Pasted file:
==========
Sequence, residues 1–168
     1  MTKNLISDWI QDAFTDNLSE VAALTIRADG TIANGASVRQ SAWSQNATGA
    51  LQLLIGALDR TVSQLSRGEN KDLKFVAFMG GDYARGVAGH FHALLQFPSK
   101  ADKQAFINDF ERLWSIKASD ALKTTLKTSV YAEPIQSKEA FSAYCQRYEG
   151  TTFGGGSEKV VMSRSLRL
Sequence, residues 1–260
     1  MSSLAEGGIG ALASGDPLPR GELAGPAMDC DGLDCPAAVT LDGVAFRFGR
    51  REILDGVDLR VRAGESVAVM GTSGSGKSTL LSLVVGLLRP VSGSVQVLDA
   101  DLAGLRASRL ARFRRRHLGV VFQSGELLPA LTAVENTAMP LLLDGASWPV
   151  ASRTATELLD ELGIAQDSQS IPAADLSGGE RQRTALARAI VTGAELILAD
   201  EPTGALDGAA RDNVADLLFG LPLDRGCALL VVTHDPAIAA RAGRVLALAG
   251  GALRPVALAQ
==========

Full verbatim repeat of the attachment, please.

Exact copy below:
Sequence, residues 1–168
     1  MTKNLISDWI QDAFTDNLSE VAALTIRADG TIANGASVRQ SAWSQNATGA
    51  LQLLIGALDR TVSQLSRGEN KDLKFVAFMG GDYARGVAGH FHALLQFPSK
   101  ADKQAFINDF ERLWSIKASD ALKTTLKTSV YAEPIQSKEA FSAYCQRYEG
   151  TTFGGGSEKV VMSRSLRL
Sequence, residues 1–260
     1  MSSLAEGGIG ALASGDPLPR GELAGPAMDC DGLDCPAAVT LDGVAFRFGR
    51  REILDGVDLR VRAGESVAVM GTSGSGKSTL LSLVVGLLRP VSGSVQVLDA
   101  DLAGLRASRL ARFRRRHLGV VFQSGELLPA LTAVENTAMP LLLDGASWPV
   151  ASRTATELLD ELGIAQDSQS IPAADLSGGE RQRTALARAI VTGAELILAD
   201  EPTGALDGAA RDNVADLLFG LPLDRGCALL VVTHDPAIAA RAGRVLALAG
   251  GALRPVALAQ